FOR MANY, it felt like the end of an era.
On the last day of their five epic seasons, La Salle’s Ara Galang and Mika Reyes happily hoisted the championship trophy amid a rain of confetti, while Ateneo’s Alyssa Vadez walked around the sidelines, waving to the fans in a tearful farewell.
For many, it felt like UAAP women’s volleyball won’t be the same again with the exit of these popular stars who were locked in an intense rivalry, but helped turn the sport into a crowd-drawing, passionate spectacle.
“This is what we’re leaving the team (a championship),” said Galang, the gritty open hitter who highlighted her collegiate career with a third title, a season Most Valuable Player and top rookie honors.
“This is our mark.”
“It feels good that when we were rookies, the seniors left us with a championship,” said the 5-foot-11 Reyes, after the Lady Spikers dethroned the Lady Eagles in the fifth straight Finals showdown between the two fierce foes last Saturday.
“And now that we’re the seniors, we made sure that we do the same thing for the younger players.”
Valdez—arguably the best female athlete Ateneo has ever produced—failed to get the storybook ending she had hoped after the Lady Spikers foiled their bid for a third straight crown.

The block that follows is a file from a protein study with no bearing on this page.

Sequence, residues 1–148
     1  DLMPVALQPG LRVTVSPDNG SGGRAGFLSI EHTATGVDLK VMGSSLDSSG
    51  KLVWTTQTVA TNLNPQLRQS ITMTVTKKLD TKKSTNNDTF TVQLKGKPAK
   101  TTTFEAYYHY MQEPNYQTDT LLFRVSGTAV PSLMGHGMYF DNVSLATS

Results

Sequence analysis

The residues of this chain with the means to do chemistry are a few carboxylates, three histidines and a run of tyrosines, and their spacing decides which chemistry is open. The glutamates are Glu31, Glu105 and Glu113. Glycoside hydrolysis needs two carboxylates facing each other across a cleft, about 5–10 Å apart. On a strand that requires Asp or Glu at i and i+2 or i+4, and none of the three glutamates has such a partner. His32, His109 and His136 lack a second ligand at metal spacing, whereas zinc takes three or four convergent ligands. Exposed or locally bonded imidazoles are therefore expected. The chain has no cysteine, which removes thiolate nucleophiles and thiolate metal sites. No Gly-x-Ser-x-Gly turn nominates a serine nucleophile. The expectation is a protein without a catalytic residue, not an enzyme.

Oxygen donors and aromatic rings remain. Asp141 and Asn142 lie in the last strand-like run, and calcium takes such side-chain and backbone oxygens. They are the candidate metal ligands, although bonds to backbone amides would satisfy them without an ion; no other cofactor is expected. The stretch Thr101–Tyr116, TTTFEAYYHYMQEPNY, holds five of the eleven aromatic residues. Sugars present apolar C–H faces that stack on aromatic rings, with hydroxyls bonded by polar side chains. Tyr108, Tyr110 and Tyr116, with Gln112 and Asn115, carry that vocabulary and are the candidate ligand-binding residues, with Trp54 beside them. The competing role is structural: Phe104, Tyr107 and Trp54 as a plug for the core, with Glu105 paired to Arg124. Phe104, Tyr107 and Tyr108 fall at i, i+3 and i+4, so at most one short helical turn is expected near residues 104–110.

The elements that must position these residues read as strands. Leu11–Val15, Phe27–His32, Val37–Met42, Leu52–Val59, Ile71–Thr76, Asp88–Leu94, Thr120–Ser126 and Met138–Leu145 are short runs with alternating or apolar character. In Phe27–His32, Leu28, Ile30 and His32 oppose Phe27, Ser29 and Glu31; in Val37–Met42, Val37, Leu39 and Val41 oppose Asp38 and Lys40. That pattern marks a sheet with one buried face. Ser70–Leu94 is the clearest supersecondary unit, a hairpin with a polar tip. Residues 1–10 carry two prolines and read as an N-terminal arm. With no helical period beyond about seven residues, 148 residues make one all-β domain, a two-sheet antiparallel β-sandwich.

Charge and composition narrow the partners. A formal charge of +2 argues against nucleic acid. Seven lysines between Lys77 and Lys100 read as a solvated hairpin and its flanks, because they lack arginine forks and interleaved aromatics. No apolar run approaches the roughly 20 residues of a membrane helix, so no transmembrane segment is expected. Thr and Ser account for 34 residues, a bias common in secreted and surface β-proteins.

Nothing more to prove
But there’s really nothing more to prove for the much-loved open spiker from San Juan, Batangas, with a decorated career that includes three straight season MVPs and two championships.
“What I learned is that it’s not always about winning,” Valdez said in a speech to the school community on the same night the Lady Eagles settled for a runner-up finish for the third time in five seasons.
“It’s just about giving your all, going all out and giving your heart for the people who support you. And by that, you have won.”
After their storied varsity stints, the standout trio, along with La Salle’s Kim Fajardo and Cyd Demecillo and Ateneo setter Jia Morado, are expected to bring their talents to the local commercial leagues. For Valdez, playing for foreign clubs also remains an option.
But for now, Galang and Reyes just want to celebrate after ending two seasons of heartbreak—the first when departing school star and spiritual leader Aby Maraño and the Lady Spikers of 2014 were foiled by Valdez and the Lady Eagles in the championship match.
“All happiness, that’s just what we’re feeling right now,” said Galang.
Although Valdez couldn’t say the same, she bravely put on a smile.
“This challenge is just preparing me for real life,” said Valdez. “We’re sad. We’re giving ourselves time to accept all the things. But life goes on.”